Background: This story started many years ago when we (husband, myself, 2 sons) moved into a house with an incorrectly installed central air conditioning system. We all developed mold allergies and repeated bouts of acute sinusitis, which then led to chronic sinusitis. Eventually we discovered the problem, ripped out and replaced the air conditioning system and all ductwork, but by then the damage was done. Even though antibiotics helped acute sinusitis symptoms which occurred after every cold and sore throat, we always felt like we had chronic sinusitis. Over the years we tried everything we could think of, including antibiotics, decongestants, allergy pills, nasal sprays, daily sinus rinsing with salt water, vitamins, steam inhalation, etc. Both sons even had balloon sinuplasties, which had helped for a short while, but no longer. We had avoided sinus surgeries because we didn't know of anyone who had been "cured" going that route, even with repeat surgeries.

The research:  But then last winter I read with great interest all the latest research about bacteria and how all of us have hundreds of species of microorganisms (our microbiome), and how they may play a role in our health.  In fact we are more microbes than cells!

Especially exciting was a small study published in September 2012 which looked at 20 patients about to undergo nasal surgery - 10 healthy patients (the controls) and 10 chronic rhinosinusitis (sinusitis) patients. The researchers found that the chronic rhinosinusitis sufferers had reduced bacterial diversity in their sinuses, especially depletion of lactic acid bacteria (including Lactobacillus sakei) and an increase in Corynebacterium tuberculostearicum (which is normally considered a harmless skin bacteria). They then did a second study in mice which found that Lactobacillus sakei  bacteria protected against sinusitis, even in the presence of Corynebacterium tuberculostearicum. The researchers were going forward with more research in this area with the hope, that if all goes well, of developing a nasal spray with the beneficial bacteria, but that was a few years away. (Source: Nicole A. Abreu et al - Sinus Microbiome Diversity Depletion and Corynebacteriumt uberculostearicum Enrichment Mediates Rhinosinusitis. Science Translational Medicine, September 12, 2012. http://www.ncbi.nlm.nih.gov/pubmed/22972842 )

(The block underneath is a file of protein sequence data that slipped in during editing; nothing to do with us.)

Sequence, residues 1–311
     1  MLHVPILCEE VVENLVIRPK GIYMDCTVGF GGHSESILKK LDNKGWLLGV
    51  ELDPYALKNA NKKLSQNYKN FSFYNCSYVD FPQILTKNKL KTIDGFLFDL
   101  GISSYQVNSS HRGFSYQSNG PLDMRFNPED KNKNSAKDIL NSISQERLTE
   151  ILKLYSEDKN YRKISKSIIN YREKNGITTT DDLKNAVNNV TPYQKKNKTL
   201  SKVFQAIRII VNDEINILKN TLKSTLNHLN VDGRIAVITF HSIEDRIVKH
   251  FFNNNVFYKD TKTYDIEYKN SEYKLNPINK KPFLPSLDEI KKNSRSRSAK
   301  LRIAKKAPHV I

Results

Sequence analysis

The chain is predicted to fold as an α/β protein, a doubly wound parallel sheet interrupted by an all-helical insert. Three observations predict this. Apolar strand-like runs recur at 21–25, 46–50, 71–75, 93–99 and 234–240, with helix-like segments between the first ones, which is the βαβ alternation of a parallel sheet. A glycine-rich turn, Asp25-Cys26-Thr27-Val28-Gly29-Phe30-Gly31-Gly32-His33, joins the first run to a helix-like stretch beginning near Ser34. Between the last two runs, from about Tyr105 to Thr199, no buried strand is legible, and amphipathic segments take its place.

But we were desperate now and didn't want to wait. What to do? 

The Experiment: I thought that the answer lay with Lactobacillus sakei (or L.sakei) and I read everything I could find on it. I tried to find a natural and safe source for it, and eventually decided on kimchi. Kimchi is a Korean fermented vegetable product which can be made with varying ingredients, usually with cabbage. According to studies done in Korea, many (but not all) brands of traditionally made kimchi contain L. sakei  (as well as many other species of bacteria) after fermentation. It seemed to me that my best bet was to try an all natural kimchi made with cabbage, without any additives, preservatives, and no fish or seafood in it (this last was personal preference). The kimchi brands I bought had to be refrigerated before and after opening. They could not be pasteurized because it was bacteria that I wanted, lots of bacteria. Kimchi fermentation is carried out by the various microorganisms in the kimchi ingredients, and among the bacteria formed are the lactic acid bacteria, one of which can be L. sakei.